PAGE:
Skip to Main Content
Skip Nav Destination

REE and Nd isotope data indicate that most of the iron in banded iron formations is derived from hydrothermal sources but do not exclude a significant contribution from terrestrial sources, such as diagenetic recycling. A diagenetic model has been used to estimate the recycling of iron into overlying seawater, due to microbial reduction and dissolution at depth in anoxic sediment pore waters, followed by diffusion upward through a surface layer of sediment that contains oxygenated pore waters. Rates of iron recycling increase with higher pore-water dissolved iron concentrations, decreasing pH and temperature, and smaller thicknesses of the surface oxygenated layer. Iron can be recycled at rates of 1000–5000 µg cm−2 yr−1 from Proterozoic (pO2 = PAL) pore waters with dissolved Fe2+ = 1–5 µg cm−3, pH 6.5 (and T < 65 °C), or pH 7.0 (and T < 40 °C), or pH 7.5 (and T < 20 °C), provided the thickness of the surface oxygenated layer is less than 0.1 cm. Lower pO2 levels and more weakly oxygenated surface layers do not significantly increase the maximum recycling rates but enable these to be achieved at larger thicknesses of the surface layer, for all pH 6.5–7.5 and temperatures from 10 to 65 °C. Rates of iron supplied by diagenetic recycling can be substantially modified by the export efficiency (ϵ) from the source area and by the ratio (Source Area)/(Sink Area), which can either disperse or concentrate the recycling flux that is delivered to a sink area of banded iron formation. Banded iron formations that require maximum iron delivery rates of 22500 µg cm−2 yr−1 can be produced only by recycling rates of 5000 µg cm−2 yr−1 (and ϵ = 1) from a source area that is at least four times larger than the area of banded iron formation. Modern basins have ratios of shelf area (<200 m water depth) to deep basin area that commonly range from 0.2 to 4. Basins at either extreme have ratios of (Deep Basin Area)/(Shelf Area) or (Shelf Area)/(Deep Basin Area) that exceed 4 and are potentially able to concentrate iron either from a deep basin source area to banded iron formation on the shelf, or from a shelf source area to a banded iron formation depositing in the deep basin. However, these mass balance constraints require the existence of substantial areas of contemporaneous source sediments (or smaller areas of iron-enriched sediments) located either on the shelf or in the deep basin.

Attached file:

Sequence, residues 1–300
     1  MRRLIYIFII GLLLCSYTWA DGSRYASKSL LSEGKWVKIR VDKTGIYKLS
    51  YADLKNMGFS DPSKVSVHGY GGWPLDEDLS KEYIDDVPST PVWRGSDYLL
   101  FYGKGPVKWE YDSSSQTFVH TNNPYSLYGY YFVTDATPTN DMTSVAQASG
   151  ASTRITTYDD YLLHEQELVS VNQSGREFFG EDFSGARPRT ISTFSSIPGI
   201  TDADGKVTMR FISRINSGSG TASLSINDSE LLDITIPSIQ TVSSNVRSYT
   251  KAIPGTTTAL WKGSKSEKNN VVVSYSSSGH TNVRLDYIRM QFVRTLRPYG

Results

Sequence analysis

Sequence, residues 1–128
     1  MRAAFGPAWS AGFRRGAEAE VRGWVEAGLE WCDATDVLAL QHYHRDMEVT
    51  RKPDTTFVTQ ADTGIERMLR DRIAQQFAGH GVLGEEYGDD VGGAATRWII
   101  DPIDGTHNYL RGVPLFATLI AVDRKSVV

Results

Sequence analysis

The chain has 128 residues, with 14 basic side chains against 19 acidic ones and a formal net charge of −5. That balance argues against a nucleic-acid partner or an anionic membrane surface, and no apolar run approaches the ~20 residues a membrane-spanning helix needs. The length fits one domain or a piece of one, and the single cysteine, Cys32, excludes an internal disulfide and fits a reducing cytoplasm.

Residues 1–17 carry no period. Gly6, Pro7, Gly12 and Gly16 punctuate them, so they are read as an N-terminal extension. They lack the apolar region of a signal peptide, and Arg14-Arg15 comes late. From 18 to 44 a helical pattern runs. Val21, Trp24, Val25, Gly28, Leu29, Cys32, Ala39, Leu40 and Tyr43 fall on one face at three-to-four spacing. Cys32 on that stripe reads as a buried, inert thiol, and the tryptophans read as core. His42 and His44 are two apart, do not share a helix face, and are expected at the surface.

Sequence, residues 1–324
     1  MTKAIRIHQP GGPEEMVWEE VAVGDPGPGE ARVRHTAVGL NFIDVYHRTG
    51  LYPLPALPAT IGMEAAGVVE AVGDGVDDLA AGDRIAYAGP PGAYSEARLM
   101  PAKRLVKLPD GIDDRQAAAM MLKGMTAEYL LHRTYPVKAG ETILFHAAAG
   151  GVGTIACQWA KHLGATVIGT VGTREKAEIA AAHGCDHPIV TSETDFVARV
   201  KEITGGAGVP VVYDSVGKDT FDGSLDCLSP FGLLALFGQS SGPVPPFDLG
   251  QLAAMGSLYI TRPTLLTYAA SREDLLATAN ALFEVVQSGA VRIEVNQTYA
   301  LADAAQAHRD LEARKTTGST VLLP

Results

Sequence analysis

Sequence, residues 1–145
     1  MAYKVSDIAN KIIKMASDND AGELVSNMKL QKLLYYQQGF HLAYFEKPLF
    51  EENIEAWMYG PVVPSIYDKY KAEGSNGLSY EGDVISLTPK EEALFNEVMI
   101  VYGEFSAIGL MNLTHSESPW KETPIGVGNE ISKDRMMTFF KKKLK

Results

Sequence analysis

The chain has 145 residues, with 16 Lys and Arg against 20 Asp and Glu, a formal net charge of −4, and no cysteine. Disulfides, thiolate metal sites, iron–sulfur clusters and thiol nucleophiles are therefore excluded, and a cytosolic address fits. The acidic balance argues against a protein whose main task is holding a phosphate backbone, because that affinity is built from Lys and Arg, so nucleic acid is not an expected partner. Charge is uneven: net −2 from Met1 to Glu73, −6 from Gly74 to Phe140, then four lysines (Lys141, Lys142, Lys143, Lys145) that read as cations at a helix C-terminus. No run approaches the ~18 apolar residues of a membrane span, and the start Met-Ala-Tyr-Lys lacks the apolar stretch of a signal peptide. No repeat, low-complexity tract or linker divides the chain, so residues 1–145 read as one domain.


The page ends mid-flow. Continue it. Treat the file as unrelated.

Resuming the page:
You do not currently have access to this chapter.

Figures & Tables




Citing Books via

Related Articles
Related Book Content
Close Modal

or Create an Account

Close Modal
Close Modal